Lost in all the election hoopla and the debate over repealing “don’t ask, don’t tell” has been U.S. Sen. Tom Coburn’s fierce opposition to a vital food safety bill.
The FDA Food Safety Modernization Act has been delayed by Senate Majority Leader Harry Reid after Coburn objected to the bill, according to media reports. Reid has said he might not even try to bring the bill to the Senate floor before the election, the reports stated. The House has already passed a similar proposal.
The recent massive egg recall has put food safety in the political forefront, but Coburn hasn’t budged on his opposition to the bill, which he argues isn’t paid for and won’t be effective, according to reports. He also objects to the new regulations in the bill.
The legislation, among other things, would require more inspections of food-producing facilities. It has bipartisan and even corporate support.
According to a story in The New York Times:
… mainstream consumer advocates and major food makers are nearly united in calling for passage. Just a few years ago, many manufacturers were opposed to expanding the F.D.A.’s food authority. But when a relatively small producer sold contaminated spinach several years ago, the entire industry’s crop was thrown out, resulting in huge, industrywide losses. And once a food contamination scare affects a product, sales are slow to return to normal.
So even when consumer advocates and corporations come together for the benefit of people’s health and business profits, Coburn, who has the nickname “Dr. No,” still uses it for political theater and calculation.
Here’s what Coburn said about the bill in a recent press release:
The Majority Leader also knows that one of my concerns with the bill is that it is not paid for. Unfortunately, he has refused to even discuss ways to pay for the bill by reducing spending on lower priority items. With our national debt at $13.5 trillion we simply can’t continue to borrow and spend without restraint. The American people should question the competence of any member of Congress who can’t find $1.4 billion of waste in a $3.5 trillion budget that could be cut to pay for improved food safety.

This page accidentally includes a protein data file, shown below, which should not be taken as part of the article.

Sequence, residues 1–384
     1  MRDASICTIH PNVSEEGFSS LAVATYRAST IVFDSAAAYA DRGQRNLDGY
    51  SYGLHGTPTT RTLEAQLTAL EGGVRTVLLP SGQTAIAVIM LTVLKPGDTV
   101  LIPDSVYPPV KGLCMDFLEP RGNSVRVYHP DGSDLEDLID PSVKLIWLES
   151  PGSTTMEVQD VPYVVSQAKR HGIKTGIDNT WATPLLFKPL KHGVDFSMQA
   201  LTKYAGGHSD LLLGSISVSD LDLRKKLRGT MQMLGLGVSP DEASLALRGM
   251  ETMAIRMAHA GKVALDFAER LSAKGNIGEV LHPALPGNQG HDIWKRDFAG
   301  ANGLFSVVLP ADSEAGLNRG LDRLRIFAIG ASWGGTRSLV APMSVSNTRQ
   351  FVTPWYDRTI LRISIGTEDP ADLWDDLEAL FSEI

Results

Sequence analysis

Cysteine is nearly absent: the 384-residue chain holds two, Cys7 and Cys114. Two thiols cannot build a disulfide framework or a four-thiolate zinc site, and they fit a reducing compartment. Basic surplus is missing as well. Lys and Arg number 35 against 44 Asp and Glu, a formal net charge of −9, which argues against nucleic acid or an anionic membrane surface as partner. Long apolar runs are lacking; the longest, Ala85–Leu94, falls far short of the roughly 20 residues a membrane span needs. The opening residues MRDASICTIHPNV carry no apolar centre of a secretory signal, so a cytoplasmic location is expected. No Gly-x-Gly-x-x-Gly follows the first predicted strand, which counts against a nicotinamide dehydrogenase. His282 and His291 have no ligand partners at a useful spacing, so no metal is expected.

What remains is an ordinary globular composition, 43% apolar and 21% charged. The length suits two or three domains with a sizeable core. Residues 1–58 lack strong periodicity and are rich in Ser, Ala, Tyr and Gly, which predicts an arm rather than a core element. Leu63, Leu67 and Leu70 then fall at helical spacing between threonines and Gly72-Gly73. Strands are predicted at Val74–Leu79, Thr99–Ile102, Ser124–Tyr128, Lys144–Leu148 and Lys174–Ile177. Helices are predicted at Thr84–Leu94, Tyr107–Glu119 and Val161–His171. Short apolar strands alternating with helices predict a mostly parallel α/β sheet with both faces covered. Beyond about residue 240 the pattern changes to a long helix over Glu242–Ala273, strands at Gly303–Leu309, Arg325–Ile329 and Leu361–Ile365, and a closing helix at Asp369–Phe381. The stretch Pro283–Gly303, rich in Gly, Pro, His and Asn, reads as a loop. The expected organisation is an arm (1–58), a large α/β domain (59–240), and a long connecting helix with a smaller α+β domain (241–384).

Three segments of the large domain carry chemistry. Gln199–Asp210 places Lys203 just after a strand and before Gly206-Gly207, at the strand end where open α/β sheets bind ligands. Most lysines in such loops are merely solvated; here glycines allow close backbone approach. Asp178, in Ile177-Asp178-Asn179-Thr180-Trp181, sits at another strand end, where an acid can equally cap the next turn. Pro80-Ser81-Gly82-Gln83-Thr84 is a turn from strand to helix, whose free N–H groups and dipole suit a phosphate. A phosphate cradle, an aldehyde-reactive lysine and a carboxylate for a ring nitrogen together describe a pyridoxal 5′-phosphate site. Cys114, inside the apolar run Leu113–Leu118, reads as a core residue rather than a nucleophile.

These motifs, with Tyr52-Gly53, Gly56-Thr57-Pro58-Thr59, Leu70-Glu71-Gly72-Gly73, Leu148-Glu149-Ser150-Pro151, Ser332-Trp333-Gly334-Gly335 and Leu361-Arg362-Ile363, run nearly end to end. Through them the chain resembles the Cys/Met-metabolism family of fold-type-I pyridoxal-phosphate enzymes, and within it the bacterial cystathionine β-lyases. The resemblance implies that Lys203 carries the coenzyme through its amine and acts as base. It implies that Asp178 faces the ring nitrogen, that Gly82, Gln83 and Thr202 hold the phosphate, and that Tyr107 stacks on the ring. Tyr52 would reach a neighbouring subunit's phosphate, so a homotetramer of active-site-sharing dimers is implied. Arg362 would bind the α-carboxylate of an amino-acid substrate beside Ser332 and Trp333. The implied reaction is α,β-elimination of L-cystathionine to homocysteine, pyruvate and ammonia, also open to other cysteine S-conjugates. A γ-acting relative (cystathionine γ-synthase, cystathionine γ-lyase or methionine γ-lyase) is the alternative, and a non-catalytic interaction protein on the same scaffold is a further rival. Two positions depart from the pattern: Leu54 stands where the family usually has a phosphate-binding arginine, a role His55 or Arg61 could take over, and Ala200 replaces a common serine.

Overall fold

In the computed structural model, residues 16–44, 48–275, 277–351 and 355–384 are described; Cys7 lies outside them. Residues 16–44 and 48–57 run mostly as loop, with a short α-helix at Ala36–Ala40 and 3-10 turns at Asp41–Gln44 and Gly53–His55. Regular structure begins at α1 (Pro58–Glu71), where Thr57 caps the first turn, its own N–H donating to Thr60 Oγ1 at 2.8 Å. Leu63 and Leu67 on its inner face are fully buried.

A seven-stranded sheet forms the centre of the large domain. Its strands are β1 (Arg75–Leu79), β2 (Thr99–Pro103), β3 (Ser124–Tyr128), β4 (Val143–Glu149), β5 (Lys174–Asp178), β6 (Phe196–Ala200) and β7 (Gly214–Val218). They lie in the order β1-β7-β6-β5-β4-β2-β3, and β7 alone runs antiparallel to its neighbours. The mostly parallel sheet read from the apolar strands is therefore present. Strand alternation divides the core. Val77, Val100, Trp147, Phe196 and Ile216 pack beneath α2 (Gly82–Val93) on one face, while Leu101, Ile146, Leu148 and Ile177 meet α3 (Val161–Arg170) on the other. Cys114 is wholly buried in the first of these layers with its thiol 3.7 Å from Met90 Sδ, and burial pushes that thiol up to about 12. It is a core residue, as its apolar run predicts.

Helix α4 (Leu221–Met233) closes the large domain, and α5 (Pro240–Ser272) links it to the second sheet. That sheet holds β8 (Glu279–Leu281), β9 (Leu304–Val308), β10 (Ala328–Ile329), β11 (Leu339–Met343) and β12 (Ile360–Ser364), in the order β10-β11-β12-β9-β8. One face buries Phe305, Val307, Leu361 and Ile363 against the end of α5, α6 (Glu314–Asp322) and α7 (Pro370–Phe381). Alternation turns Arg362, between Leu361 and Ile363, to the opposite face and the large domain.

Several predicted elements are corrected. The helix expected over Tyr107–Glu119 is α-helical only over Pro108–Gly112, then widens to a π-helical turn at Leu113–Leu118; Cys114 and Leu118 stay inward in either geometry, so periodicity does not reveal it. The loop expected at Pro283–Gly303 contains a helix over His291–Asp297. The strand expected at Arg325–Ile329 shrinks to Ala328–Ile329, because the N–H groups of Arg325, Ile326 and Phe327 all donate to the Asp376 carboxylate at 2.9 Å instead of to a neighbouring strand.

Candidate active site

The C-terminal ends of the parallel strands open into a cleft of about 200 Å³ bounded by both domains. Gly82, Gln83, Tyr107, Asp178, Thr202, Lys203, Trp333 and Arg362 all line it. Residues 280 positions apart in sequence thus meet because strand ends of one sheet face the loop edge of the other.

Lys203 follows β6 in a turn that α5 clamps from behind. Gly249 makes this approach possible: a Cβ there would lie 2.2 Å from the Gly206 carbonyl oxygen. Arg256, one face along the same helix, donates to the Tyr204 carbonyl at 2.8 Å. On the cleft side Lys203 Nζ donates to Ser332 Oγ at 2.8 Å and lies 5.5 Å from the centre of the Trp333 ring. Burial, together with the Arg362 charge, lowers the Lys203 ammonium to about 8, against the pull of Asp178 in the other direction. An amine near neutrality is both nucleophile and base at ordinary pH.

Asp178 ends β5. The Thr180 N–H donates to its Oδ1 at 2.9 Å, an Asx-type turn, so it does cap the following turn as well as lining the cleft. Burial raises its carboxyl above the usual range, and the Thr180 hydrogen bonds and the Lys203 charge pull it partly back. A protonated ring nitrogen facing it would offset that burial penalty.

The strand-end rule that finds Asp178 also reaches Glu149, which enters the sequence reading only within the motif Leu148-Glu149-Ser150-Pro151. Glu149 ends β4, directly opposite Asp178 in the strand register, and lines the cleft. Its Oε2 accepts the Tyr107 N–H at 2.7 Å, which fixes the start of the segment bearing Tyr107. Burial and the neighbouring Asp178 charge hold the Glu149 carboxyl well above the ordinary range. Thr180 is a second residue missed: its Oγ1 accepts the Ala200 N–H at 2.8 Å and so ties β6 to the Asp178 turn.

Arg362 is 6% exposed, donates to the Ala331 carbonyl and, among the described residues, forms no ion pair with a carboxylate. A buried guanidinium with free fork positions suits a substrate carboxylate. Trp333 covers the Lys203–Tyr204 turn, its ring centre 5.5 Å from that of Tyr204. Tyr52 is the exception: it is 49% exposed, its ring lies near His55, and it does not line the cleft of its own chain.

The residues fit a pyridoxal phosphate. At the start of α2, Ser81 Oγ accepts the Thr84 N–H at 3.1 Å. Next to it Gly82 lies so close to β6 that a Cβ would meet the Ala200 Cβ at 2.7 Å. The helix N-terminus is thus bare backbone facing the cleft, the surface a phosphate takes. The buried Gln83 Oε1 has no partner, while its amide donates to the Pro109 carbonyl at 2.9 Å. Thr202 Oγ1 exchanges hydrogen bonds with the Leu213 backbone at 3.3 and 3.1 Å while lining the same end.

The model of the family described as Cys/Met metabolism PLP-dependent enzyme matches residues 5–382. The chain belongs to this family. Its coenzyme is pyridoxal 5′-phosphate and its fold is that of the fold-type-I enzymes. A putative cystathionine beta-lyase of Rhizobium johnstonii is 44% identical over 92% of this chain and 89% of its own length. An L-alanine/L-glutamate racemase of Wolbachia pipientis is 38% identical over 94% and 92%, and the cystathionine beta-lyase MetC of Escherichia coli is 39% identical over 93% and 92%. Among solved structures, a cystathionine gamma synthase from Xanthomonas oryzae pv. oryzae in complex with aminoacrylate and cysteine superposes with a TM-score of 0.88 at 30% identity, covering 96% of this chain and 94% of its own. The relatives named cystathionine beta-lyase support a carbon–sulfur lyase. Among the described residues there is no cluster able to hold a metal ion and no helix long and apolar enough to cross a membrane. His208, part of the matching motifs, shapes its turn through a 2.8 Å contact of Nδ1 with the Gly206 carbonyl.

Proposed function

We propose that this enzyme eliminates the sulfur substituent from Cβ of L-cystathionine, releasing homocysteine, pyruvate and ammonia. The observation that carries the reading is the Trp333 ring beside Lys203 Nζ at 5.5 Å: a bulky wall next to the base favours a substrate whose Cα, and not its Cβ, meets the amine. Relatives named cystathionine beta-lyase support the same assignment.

The federal deficit “scare,” of course is Coburn’s current mantra, and it’s also a major election tactic of the Republicans this year. But we shouldn’t forget that under former President George Bush Republicans helped create the deficit by funding two long military occupations and passing tax cuts that primarily benefited the country’s wealthiest citizens.
Reid issued this statement about Coburn’s objections to the bill:
In light of recent events like the egg recall in Iowa, it is unconscionable that Senator Coburn and his Republican colleagues are putting politics ahead of a common-sense, bipartisan bill to ensure that the food products our families consume everyday are safe. I suspect that Senator Coburn’s constituents in Oklahoma would be as outraged as the people I represent in Nevada at the prospect that partisan political maneuvering would cause parents to have to start worrying about the safety of the food they feed their families. There are too many people, like Rylee Gustafson of Henderson and Linda Rivera of Las Vegas, who have been sickened with contaminated food to let this critical issue be hijacked by petty politics.
My hope is that Senator Coburn will reconsider his obstruction, and work with us to make sure that when it comes to food, parents have the peace of mind that all Americans deserve.